Soft Tissue Reconstruction of the Foot with a Reverse Flow Sural Artery Neurofasciocutaneous Flap
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Coskunfirat et al14 performed 11 reverse neurofasciocutaneous flaps for coverage of soft tissue defects in the lower extremities. Six flaps were saphenous and five were sural; all survived completely. Bocchi et al8 used a reverse sural flap in 14 patients to successfully cover larger defects of the leg and ankle and a reverse adipofascial sural flap in 11 patients to cover moderate-size wounds in heel areas. Ferreira et al15 reported that in 36 distally-based superficial sural artery flaps, only six partially necrosed and no major complications occurred.
In a larger study, Almeida et al16 performed a reverse flow island sural flap on 71 patients; 15 partially necrosed and three experienced total loss. Fraccalvieri et al17 described their experience with 18 distally-based superficial sural flaps. Only one superficial necrosis had to be surgically revised. Singh and Naasan18 used the reverse sural artery flap to treat acute open fractures of the lower leg associated with soft tissue loss. Two out of seven patients had a partial necrosis of the distal tip of the flap. Al-Qattan19 described a modified technique for harvesting a reverse sural artery flap from the upper part of the leg, and he included a gastrocnemius muscular "cuff" around the sural nerve where it perforated from deep to superficial. He suggested that this muscular cuff provided superior venous drainage of the flap.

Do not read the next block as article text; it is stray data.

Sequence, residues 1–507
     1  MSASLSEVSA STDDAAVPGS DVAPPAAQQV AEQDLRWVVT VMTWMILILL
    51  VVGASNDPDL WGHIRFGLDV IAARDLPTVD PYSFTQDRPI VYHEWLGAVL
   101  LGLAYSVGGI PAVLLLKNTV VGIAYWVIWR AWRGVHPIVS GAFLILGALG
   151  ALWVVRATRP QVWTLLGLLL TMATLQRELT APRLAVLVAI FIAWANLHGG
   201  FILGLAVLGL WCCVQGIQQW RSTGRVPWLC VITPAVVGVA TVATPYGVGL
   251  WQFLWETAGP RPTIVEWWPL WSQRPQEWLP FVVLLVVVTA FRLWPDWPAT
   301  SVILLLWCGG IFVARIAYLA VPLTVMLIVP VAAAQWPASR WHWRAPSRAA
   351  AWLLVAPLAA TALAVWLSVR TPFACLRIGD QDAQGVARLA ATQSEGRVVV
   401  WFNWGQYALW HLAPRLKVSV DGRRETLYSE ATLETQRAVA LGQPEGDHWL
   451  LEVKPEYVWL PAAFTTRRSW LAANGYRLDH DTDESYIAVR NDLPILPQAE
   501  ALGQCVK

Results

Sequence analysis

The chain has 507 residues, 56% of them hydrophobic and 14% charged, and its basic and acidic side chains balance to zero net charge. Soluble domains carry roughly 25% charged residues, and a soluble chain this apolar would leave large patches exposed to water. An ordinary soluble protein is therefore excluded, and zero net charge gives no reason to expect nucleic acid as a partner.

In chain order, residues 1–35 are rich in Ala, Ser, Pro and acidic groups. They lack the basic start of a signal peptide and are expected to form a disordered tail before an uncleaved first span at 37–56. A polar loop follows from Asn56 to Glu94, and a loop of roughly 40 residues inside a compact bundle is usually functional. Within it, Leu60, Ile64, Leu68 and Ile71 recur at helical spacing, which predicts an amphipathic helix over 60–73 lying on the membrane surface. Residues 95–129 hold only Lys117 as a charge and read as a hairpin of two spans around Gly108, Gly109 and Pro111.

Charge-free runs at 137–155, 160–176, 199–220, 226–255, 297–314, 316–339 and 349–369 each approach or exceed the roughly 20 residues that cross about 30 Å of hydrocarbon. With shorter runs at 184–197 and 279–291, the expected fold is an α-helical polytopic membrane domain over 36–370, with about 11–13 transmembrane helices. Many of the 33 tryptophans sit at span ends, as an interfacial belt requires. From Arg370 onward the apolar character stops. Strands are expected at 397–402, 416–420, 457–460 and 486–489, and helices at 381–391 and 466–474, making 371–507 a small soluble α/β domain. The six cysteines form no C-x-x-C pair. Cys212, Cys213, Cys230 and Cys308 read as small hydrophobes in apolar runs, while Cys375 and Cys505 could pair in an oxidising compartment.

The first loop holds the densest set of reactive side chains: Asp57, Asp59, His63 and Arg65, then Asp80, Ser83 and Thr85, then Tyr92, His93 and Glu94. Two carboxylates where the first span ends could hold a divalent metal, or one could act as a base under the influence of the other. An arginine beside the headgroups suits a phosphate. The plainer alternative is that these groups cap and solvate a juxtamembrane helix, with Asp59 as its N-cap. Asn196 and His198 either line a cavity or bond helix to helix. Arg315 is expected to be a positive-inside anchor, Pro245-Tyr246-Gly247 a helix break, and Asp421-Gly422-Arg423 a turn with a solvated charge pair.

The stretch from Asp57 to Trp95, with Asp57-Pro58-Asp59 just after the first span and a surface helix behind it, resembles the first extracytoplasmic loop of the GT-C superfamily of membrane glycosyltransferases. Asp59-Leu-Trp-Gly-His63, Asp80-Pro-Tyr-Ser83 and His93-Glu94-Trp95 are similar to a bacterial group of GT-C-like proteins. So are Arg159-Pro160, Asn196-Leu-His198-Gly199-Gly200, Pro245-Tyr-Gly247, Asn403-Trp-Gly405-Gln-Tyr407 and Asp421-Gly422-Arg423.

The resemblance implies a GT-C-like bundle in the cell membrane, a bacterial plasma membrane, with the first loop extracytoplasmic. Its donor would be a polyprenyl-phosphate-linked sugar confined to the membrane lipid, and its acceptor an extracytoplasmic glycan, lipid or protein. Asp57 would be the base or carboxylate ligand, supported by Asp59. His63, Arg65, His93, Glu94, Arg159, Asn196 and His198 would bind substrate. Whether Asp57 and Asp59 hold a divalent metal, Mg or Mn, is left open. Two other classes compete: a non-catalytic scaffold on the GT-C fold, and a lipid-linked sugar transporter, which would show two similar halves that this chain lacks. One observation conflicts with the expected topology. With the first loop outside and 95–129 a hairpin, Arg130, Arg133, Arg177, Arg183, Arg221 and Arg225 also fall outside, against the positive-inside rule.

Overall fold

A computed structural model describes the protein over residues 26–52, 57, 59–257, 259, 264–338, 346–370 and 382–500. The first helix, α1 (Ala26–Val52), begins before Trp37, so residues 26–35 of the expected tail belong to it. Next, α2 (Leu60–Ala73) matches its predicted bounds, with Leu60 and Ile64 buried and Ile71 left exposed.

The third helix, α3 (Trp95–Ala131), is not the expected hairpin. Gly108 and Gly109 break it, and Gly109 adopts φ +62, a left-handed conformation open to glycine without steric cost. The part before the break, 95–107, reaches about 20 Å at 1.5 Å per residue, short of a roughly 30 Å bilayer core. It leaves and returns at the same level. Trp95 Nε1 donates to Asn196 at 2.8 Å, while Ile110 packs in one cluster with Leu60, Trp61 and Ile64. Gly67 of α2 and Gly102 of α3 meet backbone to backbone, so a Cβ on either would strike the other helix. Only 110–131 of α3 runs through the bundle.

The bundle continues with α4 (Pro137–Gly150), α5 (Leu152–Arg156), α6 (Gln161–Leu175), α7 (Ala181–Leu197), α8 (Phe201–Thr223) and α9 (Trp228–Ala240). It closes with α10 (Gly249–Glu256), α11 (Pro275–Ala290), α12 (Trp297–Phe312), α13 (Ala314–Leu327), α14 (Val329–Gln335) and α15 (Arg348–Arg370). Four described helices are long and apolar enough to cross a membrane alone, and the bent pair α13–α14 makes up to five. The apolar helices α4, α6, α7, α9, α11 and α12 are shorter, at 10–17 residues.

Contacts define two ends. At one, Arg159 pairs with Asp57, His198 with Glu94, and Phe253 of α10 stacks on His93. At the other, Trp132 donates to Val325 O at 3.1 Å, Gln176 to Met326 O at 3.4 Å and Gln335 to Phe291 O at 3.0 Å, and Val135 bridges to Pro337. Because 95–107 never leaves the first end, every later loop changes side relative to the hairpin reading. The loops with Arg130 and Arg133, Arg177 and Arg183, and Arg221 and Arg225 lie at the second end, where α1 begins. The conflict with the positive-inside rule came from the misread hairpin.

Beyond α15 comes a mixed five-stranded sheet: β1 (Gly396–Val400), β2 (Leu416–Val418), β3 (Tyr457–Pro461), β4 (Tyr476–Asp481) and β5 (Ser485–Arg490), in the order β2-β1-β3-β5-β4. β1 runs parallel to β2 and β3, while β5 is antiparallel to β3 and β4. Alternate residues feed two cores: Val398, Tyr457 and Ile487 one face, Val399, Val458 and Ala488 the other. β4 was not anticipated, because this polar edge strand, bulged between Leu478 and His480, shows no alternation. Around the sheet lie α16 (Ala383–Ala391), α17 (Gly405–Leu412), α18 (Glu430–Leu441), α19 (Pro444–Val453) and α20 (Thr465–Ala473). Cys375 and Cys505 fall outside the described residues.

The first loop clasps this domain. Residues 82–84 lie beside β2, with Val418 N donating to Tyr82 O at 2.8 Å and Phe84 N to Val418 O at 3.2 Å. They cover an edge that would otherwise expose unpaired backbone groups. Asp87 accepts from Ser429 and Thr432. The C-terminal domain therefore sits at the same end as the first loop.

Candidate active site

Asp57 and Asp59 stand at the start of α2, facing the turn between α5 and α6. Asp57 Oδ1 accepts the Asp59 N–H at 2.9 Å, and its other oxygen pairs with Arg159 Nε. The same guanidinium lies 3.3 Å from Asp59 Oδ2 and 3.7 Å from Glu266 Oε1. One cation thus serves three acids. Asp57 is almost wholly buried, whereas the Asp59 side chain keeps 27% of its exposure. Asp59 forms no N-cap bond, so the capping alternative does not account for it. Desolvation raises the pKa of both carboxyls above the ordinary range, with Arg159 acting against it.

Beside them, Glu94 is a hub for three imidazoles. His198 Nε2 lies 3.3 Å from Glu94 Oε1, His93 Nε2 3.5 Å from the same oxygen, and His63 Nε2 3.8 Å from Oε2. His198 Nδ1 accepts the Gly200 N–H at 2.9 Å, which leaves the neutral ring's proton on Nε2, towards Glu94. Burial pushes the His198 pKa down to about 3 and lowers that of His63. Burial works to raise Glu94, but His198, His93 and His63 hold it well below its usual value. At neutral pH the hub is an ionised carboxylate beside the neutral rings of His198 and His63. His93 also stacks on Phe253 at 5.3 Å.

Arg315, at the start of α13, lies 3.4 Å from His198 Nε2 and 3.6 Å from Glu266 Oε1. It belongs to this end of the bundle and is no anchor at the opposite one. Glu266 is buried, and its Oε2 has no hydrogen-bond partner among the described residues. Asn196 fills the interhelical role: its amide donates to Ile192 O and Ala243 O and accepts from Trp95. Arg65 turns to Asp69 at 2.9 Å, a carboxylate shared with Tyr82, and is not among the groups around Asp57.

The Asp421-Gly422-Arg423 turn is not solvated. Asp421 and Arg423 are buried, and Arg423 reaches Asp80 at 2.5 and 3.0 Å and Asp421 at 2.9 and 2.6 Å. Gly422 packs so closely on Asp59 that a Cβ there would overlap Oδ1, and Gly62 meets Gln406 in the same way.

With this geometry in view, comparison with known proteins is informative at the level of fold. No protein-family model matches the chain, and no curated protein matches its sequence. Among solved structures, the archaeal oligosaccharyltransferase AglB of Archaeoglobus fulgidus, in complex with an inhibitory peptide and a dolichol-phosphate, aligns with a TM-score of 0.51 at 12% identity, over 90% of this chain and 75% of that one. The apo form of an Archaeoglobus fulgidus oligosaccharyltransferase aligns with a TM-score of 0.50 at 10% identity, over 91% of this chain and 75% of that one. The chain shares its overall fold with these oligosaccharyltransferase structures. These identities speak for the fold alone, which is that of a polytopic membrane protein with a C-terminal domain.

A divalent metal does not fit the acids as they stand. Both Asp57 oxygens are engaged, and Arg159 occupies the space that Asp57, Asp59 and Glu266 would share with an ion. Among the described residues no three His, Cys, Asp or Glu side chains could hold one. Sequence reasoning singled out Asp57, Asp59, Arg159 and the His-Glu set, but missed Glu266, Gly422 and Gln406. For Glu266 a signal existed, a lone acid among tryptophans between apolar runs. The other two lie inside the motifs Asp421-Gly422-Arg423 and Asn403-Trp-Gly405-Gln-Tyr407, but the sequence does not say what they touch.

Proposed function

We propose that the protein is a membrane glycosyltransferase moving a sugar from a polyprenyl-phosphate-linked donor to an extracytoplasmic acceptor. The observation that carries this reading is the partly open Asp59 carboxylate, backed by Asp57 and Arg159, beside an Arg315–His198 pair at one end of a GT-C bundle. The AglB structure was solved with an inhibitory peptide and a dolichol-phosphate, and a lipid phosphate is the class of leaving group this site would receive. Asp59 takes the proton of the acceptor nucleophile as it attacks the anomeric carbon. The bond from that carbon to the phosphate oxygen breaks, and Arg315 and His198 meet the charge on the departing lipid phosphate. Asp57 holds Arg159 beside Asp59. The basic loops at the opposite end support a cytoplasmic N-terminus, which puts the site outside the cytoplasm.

The use of reverse flow flaps raised from the lower leg in patients with diabetes and peripheral vascular disease may be questioned; however, in a series of patients with diabetes, the outcomes reported were quite favorable.20
Methods and Materials
A chart review was conducted of seven patients who underwent a distally-based neurofasciocutaneous sural artery flap for ankle or heel defects who had failed conservative treatment between 1999 and 2003. Chart abstraction included demographics, comorbitities, wound etiology and location, procedure performed, perioperative complications, time to return to shoes, and average healing time (see Table 1 and Table 2).
Five of the patients had diabetes and two had a history of chronic nonhealing ulcers. The presence of a patent peroneal artery was a requirement for the patients in this study; this was determined by Doppler examination, angiogram, or magnetic resonance angiography (MRA).
Seven patients underwent repair of ankle and heel ulcers with a reverse flow sural artery neurofasciocutaneous flaps. Five patients had diabetic ulcers of the heel; one patient had developed a nonhealing ulcer of the lateral malleolus; and one patient, suffering from multiple sclerosis, had developed a chronic traumatic ulcer of the posterior heel. One of the patients with diabetes had received a renal transplant and was on immunosuppressive therapy. The flaps were raised from the posterolateral calf. In two patients, donor sites were closed primarily; in the other five patients, skin grafts were employed. All patients were discharged from the hospital with their flaps viable. One flap failed during postoperative week 2 from ischemia (in the renal transplant patient). Patients were permitted to bear weight in shoes when the flap margins were completely healed.
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